To encourage the production of fruits instead of leaves, avoid high-nitrogen additives such as fish or blood meal.
Tomatoes do well with deep planting.
“Encourage deeper rooting by removing the lower leaves and burying stems up to the plant’s second true set of leaves,” Lamborn suggests. “Roots will form along the buried stem.” Water after planting.
Tomatoes should always be supported; this keeps the fruits off the ground and accessible while promoting better air circulation, which helps stave off disease. While cages will work just fine for bush varieties, vine tomatoes will sprawl uncontrollably unless tied to sturdy stakes or trellises.
The key is installing your tomato supports right after planting—and not weeks later, after the plants have really started to grow. Otherwise you’ll risk compacting the soil, which “compresses roots and stops them from growing,” according to the Compettis.
Mulch Your Tomatoes and Water Them Consistently
After the plants are in, mulch them with two to four inches of straw or shredded leaves. You can also use grass clippings, but they should be dried first; a thick carpet of fresh clippings can become soggy, smelly and mold-prone.
Mulching “aids in regulating soil temperature and helps keep soil and nutrients from eroding during strong rains,” say the Compettis. “But most importantly, it keeps competing weeds out of the picture.”
Another thing mulching does is helping the soil hold onto moisture—an important consideration for tomato plants, which are subject to weak growth if underwatered and fruit cracking if overwatered.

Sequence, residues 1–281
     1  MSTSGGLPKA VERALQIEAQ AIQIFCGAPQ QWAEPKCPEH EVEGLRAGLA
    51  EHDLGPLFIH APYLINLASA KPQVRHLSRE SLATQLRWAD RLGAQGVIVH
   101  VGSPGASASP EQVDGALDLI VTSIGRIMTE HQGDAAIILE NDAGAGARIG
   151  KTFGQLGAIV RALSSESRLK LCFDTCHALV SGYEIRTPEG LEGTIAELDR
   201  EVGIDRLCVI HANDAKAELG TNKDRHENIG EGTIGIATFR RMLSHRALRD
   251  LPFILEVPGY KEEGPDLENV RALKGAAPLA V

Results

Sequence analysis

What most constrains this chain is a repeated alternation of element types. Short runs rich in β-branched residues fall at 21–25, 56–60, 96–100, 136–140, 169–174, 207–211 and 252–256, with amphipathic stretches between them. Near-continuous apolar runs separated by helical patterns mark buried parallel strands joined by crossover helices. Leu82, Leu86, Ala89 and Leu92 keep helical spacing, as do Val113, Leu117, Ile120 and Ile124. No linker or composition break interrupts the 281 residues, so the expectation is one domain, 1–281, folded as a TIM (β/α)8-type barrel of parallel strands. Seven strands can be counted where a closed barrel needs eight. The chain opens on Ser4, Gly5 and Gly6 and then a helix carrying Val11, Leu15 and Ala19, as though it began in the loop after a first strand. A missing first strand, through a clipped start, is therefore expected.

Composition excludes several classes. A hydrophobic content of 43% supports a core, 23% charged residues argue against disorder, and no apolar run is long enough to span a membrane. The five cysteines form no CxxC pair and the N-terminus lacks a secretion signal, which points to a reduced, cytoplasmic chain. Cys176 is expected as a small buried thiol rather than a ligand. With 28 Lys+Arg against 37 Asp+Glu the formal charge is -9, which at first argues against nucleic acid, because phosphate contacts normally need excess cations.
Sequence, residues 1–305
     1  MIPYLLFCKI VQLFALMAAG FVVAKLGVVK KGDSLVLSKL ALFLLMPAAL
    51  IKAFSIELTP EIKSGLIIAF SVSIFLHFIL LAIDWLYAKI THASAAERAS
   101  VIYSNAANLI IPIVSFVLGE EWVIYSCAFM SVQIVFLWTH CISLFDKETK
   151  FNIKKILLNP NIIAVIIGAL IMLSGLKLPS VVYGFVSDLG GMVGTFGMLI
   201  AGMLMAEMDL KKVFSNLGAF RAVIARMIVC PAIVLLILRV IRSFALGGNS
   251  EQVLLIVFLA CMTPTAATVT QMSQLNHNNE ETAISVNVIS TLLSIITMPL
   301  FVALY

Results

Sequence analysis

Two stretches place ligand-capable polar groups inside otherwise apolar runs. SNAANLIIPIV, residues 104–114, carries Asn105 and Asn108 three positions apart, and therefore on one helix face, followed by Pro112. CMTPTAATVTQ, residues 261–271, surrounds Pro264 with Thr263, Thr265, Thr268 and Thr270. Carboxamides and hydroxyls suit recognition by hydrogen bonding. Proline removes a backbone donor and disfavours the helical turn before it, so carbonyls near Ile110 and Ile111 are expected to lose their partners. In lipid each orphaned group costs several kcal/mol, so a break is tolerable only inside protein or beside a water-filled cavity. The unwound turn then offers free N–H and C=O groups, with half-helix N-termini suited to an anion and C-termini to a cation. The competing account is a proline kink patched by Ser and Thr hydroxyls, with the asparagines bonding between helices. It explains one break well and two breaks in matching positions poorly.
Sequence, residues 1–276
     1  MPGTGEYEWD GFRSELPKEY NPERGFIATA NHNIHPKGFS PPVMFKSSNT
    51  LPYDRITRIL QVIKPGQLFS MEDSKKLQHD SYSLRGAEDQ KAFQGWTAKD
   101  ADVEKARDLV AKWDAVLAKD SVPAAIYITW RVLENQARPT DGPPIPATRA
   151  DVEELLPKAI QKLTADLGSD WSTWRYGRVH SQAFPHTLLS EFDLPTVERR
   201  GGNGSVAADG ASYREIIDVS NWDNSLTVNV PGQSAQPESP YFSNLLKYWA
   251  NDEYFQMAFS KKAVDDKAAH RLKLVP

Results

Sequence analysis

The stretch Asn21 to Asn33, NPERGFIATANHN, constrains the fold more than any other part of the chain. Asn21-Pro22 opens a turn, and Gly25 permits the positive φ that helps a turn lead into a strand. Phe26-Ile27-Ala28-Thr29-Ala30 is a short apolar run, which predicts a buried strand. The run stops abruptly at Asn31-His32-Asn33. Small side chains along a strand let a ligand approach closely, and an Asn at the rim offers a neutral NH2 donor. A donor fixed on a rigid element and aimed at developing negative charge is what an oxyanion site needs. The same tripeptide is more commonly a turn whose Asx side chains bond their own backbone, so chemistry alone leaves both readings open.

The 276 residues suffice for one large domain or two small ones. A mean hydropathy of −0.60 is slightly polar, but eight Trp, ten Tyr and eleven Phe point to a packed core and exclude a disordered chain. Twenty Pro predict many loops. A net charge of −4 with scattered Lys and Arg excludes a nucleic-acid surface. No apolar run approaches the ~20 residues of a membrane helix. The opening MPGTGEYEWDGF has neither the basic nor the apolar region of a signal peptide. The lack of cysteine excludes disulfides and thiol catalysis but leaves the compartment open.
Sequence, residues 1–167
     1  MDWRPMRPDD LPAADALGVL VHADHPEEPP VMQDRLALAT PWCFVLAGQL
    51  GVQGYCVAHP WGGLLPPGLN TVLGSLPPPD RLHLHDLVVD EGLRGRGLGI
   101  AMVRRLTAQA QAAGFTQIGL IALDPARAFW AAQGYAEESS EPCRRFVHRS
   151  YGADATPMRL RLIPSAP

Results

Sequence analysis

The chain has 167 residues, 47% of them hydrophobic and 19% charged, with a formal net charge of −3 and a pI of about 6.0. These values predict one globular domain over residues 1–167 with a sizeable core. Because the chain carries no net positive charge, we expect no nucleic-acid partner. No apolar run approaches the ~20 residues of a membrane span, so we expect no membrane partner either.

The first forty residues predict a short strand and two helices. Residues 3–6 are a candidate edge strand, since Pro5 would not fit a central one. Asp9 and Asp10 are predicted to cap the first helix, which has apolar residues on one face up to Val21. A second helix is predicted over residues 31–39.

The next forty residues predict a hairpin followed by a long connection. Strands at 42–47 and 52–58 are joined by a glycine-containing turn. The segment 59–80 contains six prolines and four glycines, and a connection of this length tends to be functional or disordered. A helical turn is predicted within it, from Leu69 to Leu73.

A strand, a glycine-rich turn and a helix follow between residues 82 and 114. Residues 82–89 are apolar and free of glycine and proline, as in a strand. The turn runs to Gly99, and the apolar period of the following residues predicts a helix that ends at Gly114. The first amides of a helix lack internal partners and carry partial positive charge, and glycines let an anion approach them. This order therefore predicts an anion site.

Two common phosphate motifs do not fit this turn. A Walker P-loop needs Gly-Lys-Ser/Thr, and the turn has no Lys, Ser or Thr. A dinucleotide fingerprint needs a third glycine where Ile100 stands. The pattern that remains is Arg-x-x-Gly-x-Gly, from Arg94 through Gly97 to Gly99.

“Feel the soil; if the top inch is dry, it's time to water,” suggests Bonnie Plants.
Lamborn recommends using drip irrigation; it is more precise and “keeps water off the leaves, which is important for disease prevention.”
Watch Your Tomatoes for Disease and Pest Damage
Speaking of disease prevention: The best way to avoid tomato disorders is to get out into the garden every day and check the condition of your plants.
Remove sickly looking leaves promptly and prune excessive leaf growth to improve airflow. You should also remove leaves that touch the ground.
In addition, there are numerous pests who love tomatoes as much as people do.
Hornworms—big, green caterpillars that are pretty easy to spot—should be picked off as soon as you see them. As Bonnie Plants notes, “One or two hornworms can strip a plant leafless in short order.”
Other possible tomato pests include aphids, small insects that can be knocked off of plants with a strong stream of water, and flea beetles, which can be dusted with a natural, nontoxic substance called diatomaceous earth (ask about it at your garden center).
Harvest Tomatoes Promptly and Prune to Extend the Season
There are two theories of when tomatoes should be picked.
Proponents of the “fully ripe” theory believe tomatoes should be left on the plant until they hit peak ripeness in order to develop peak flavor.
Gardeners in the “half-ripe” camp argue that harvesting tomatoes at the “breaker” stage, when the fruits are just starting to show their final color, allows for full ripening without the risk of leaving fruits on the vine so long they become squishy and flavorless.
You may want to try both methods to see which works for you. If you go with the half-ripe method, resist the temptation to leave them on a sunny windowsill, which can cause rotting or skin toughness, and ripen them in a warm, dark area instead.
For best flavor, store ripe tomatoes at room temperature instead of in the fridge.
In late summer, you may notice your plants looking a little tired. However, “with just a little effort, you can extend the life of those sad tomato plants by pruning away withered leaves and branches,” advises Bonnie Plants.
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**These statements have not been evaluated by the Food and Drug Administration. This product is not intended to diagnose, treat, cure or prevent any disease.